SNPs can be inherited, if you didn’t know. Often they are inherited in long blocks, and that’s because of a unique phenomenon called homologous recombination. Homologous recombination occurs during DNA replication, when overlapping segments of DNA have two homologous regions which swap out with one another. I won’t get into the gory details, but it is really cool! If this occurs during meiosis, during gamete formation, the organism that develops from the recombined gametes inherits blocks of SNPs. The length of DNA that travels with a SNP during recombination varies dependent on how ‘new’ the SNP is. Newer SNPs fall in long areas of recombinant DNA, whereas older SNPs travel in shorter areas. People study the length of DNA associated with a SNP to determine ages of new alleles. The difference between lengths of DNA that travel with SNPs is ultimately what is linkage disequilibrium. I won’t get too into haplogroups, other than the situation when one or more SNPs travel together.
Okay that being said, I hope you have a general understanding of what’s happening at a molecular level to makes us vary in segments of DNA. These variations can be used to study our similarities and differences, figure out who came from whom, etc. The first of the papers that I wanna focus in on is Nature‘s “Genotype, haplotype and copy-number variation in worldwide human populations.” The authors of that study took about 526,000 SNPs and 400 copy number variations (the differences in the number of copies of a gene in the genomes of different people) found in 485 people from about 30 different populations. They observe that larger linkage disequilibrium is found in populations that are farther away from Africa? The indicates these “far from Africa” populations are newer compared to African populations, which suggest that African populations are ancestral to outside populations.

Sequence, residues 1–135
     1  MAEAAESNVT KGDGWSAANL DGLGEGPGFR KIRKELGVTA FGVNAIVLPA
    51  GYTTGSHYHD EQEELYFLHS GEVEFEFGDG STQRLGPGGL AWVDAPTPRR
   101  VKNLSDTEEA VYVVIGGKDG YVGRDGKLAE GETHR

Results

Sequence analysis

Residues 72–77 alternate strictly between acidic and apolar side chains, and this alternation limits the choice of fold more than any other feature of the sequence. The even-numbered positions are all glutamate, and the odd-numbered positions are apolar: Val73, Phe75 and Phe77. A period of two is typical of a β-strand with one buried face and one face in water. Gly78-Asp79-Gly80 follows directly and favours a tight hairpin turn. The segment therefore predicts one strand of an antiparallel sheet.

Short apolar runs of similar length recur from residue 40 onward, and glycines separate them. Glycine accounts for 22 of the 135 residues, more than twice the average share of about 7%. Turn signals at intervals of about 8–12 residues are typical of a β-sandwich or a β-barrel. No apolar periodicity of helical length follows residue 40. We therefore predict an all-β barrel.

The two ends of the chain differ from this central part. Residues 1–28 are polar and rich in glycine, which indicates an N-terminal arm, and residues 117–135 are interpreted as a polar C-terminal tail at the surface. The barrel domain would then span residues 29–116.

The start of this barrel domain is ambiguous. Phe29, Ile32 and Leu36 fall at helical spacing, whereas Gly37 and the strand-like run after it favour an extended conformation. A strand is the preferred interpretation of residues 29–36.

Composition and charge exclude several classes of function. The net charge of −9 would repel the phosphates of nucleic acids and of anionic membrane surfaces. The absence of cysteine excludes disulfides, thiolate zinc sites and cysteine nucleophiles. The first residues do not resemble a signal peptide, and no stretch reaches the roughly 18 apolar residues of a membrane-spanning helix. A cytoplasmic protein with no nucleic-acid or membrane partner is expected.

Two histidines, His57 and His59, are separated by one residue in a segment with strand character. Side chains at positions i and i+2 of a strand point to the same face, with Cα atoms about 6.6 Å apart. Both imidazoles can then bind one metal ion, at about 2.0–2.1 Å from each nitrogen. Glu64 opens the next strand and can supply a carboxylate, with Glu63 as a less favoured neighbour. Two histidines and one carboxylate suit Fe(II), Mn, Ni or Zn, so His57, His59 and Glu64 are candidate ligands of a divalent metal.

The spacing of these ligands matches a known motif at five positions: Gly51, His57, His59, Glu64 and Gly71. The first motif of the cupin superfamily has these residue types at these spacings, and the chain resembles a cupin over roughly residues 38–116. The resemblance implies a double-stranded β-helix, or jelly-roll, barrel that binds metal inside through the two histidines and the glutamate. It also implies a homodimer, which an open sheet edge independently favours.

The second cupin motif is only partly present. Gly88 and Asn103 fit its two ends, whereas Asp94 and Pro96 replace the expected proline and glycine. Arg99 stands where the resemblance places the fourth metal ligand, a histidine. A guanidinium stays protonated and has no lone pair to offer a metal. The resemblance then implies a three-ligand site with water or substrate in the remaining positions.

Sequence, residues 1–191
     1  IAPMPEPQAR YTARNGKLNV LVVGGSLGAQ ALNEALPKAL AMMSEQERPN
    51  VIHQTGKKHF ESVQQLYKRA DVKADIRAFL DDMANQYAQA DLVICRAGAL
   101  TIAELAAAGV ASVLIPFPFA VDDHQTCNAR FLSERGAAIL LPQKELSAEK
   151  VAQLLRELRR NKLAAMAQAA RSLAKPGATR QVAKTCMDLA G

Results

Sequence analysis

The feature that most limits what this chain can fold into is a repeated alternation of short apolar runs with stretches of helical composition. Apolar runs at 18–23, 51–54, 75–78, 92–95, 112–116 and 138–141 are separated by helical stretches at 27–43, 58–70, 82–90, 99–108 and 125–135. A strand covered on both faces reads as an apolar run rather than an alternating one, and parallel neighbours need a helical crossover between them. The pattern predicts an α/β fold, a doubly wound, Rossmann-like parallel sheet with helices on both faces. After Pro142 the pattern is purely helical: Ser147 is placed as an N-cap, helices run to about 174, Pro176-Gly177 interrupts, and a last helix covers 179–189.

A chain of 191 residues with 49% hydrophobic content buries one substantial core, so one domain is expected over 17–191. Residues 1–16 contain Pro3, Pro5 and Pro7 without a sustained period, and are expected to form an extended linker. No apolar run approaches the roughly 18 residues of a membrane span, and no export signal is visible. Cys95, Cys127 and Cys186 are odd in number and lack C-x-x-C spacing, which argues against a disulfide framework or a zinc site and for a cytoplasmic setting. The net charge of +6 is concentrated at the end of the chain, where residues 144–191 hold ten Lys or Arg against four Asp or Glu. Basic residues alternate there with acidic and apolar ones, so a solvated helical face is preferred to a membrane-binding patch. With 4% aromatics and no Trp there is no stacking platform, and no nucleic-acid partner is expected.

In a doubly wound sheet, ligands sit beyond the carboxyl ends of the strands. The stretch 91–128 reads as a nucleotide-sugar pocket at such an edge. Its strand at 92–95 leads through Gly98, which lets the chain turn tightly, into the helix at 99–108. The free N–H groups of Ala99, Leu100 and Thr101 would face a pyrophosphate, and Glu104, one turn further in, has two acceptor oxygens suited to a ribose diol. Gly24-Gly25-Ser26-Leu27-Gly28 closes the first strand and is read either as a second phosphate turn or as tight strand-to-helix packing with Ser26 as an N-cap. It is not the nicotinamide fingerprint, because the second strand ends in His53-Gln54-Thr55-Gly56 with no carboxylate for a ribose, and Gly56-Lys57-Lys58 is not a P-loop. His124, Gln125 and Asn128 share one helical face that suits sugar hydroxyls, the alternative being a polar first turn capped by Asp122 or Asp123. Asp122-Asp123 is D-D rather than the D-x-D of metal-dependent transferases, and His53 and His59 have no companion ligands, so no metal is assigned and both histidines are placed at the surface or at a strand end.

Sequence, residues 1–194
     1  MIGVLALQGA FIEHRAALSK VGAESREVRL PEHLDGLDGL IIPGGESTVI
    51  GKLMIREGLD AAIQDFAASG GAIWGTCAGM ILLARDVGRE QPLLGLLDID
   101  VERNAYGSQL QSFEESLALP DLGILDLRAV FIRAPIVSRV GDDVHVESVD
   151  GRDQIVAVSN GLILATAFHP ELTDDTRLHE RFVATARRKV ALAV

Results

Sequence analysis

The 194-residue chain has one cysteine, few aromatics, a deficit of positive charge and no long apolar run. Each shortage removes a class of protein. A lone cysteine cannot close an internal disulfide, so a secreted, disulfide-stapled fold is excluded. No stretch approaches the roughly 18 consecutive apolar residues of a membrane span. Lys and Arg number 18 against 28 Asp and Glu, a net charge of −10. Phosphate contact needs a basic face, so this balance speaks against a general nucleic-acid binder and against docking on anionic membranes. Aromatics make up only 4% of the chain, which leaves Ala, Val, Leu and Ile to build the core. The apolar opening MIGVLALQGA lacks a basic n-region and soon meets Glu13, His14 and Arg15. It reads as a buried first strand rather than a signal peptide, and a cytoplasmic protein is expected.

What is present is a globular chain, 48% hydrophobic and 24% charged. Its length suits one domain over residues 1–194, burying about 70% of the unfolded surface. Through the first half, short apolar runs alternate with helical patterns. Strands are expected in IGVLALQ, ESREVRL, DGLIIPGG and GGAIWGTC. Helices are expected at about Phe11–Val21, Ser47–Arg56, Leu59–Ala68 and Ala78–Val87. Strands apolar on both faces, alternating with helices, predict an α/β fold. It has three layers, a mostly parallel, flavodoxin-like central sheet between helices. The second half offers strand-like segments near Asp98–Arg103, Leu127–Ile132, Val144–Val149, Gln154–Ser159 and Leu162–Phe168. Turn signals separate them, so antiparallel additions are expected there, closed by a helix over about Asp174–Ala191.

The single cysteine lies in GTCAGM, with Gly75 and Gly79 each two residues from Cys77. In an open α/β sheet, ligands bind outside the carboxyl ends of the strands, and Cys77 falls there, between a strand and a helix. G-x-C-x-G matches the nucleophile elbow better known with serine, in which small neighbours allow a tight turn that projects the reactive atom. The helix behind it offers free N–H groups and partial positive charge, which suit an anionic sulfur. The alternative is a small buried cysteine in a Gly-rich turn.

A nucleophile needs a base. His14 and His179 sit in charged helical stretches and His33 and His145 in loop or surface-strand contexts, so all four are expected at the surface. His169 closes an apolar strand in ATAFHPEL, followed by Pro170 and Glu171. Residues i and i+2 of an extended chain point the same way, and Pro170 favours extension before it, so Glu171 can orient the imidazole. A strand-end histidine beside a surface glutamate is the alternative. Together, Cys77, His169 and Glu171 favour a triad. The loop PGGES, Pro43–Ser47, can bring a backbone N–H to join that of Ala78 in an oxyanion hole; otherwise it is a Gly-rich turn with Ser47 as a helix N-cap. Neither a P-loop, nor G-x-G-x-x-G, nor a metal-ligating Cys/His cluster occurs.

Next up to bat is the Science paper on the same topic. This paper one-ups the other in that it has more SNPs (650,000) from 938 people from 51 different populations. It is, as the authors quote, “the most comprehensive characterization to date of human genetic variation.” With more data, the authors were able to reconstruct a phylogenetic tree based upon genetic relationships. I consider the figure they were able to draw up a poster-board example for the Out of Africa hypothesis on human origins, even though I acknowledge John Hawks’ critique that this figure “assumes an Out of Africa” model of human migration, and tells us nothing on the mode and time when this migration occurs. What John Hawks points out is a problem with cladistics. In this study the authors establish an outgroup, the most ancestral group, which happens to be Africa. Thus, they force the phylogenetic tree to pattern as if Out of Africa happened. I don’t think their aim is to show us the timing of the out of Africa event, though, it is merely supposed to document a shared ancestry in Africa.